Fast-moving retail climate could confuse supply chain picture


retail supply chainThe amount of goods moving through the supply chain is never constant. It is based on fluctuating economic indicators, as the end goal of logistics is to keep a correct quantity of merchandise in stores, warehouses and transit at any given time. Too much production means serious cost overage and too little means wasted opportunities to make sales.

As recent economic data has made clear, flexibility is especially important as economic indicators are often far from straightforward.

Conflicting data

Supply chain management is predicated on responses to new stimuli. According to the information from the Conference Board, now is a time to pull back and take a conservative approach. The latest information from the polling organization found customer pessimism at its highest level since November 2011. The numbers represented a near deadlock from the previous report, with consumers deeply concerned about the overall course of the market and their inability to find jobs. Faced with such data, logistics managers may believe it is time to slash production.

Reuters, in contrast, recently reported that August was a strong month for sellers, with stores improving month-over-month from July and beating analyst estimates. According to the news provider, back-to-school shopping carried results higher at major chains such as Gap and TJX Companies, indicating that the consumer confidence index failed to account for the hardiness of shoppers' needs for school supplies.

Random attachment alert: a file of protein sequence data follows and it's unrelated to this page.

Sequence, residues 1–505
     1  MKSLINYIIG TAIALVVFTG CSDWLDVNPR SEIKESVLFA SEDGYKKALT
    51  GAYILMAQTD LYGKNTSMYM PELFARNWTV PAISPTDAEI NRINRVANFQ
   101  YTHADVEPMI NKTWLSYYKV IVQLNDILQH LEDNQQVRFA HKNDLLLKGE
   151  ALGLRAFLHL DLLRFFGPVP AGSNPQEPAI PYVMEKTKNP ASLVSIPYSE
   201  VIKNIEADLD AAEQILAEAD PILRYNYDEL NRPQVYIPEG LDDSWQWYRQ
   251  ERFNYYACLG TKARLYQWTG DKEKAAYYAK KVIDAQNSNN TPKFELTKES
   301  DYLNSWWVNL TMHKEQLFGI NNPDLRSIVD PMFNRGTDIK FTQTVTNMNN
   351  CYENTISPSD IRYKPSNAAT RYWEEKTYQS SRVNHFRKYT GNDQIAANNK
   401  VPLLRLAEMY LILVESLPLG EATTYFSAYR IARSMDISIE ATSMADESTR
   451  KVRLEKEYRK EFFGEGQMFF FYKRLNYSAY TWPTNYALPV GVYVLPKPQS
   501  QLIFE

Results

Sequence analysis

"It's a much stronger back-to-school season than even the most optimistic analyst could have forecast," said retail analyst Joel Bines, according to Reuters. "[Companies] will be cautious and have planned promotions but can have more confidence about not needing unplanned promotions."

Agility solutions

Quick reactions could be difficult to execute for supply chain managers, as companies often engage in a series of complex partnerships and alliances across borders. Shortening the time to carry messages between suppliers, manufacturers and sellers could rely on technology. With advanced B2B integration options, companies can immediately view accurate, transparent and up-to-date information. Turning this into the basis for major, market-based shifts could represent the difference between successful firms and trailing competitors.

Any department within a firm could be the first to notice a new trend impacting sales. How that section conveys the message to partners and how long it takes could determine whether the firm and its supply chain allies can react in time. A digital solution such as electronic data interchange (EDI) could be significantly faster than old-fashioned alternatives.